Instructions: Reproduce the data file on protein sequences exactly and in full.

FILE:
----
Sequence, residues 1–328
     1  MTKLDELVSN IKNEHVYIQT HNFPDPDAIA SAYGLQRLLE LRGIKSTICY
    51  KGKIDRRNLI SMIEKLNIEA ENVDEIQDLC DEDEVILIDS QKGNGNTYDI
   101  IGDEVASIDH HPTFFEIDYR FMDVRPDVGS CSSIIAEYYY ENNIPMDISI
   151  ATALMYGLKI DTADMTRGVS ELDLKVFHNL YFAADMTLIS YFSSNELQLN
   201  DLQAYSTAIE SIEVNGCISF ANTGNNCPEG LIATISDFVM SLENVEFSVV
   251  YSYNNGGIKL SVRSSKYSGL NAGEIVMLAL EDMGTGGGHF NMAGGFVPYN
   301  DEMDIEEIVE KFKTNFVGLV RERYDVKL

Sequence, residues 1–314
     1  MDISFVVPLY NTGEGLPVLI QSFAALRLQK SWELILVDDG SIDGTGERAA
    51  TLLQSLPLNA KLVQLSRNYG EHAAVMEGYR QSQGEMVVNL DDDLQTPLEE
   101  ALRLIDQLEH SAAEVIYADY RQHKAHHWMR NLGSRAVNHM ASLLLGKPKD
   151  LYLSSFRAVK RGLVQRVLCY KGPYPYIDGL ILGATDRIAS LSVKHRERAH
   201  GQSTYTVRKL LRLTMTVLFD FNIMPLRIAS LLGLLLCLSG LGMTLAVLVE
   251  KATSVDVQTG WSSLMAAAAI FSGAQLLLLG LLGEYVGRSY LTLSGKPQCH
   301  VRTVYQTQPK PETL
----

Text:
Sequence, residues 1–328
     1  MTKLDELVSN IKNEHVYIQT HNFPDPDAIA SAYGLQRLLE LRGIKSTICY
    51  KGKIDRRNLI SMIEKLNIEA ENVDEIQDLC DEDEVILIDS QKGNGNTYDI
   101  IGDEVASIDH HPTFFEIDYR FMDVRPDVGS CSSIIAEYYY ENNIPMDISI
   151  ATALMYGLKI DTADMTRGVS ELDLKVFHNL YFAADMTLIS YFSSNELQLN
   201  DLQAYSTAIE SIEVNGCISF ANTGNNCPEG LIATISDFVM SLENVEFSVV
   251  YSYNNGGIKL SVRSSKYSGL NAGEIVMLAL EDMGTGGGHF NMAGGFVPYN
   301  DEMDIEEIVE KFKTNFVGLV RERYDVKL

Sequence, residues 1–314
     1  MDISFVVPLY NTGEGLPVLI QSFAALRLQK SWELILVDDG SIDGTGERAA
    51  TLLQSLPLNA KLVQLSRNYG EHAAVMEGYR QSQGEMVVNL DDDLQTPLEE
   101  ALRLIDQLEH SAAEVIYADY RQHKAHHWMR NLGSRAVNHM ASLLLGKPKD
   151  LYLSSFRAVK RGLVQRVLCY KGPYPYIDGL ILGATDRIAS LSVKHRERAH
   201  GQSTYTVRKL LRLTMTVLFD FNIMPLRIAS LLGLLLCLSG LGMTLAVLVE
   251  KATSVDVQTG WSSLMAAAAI FSGAQLLLLG LLGEYVGRSY LTLSGKPQCH
   301  VRTVYQTQPK PETL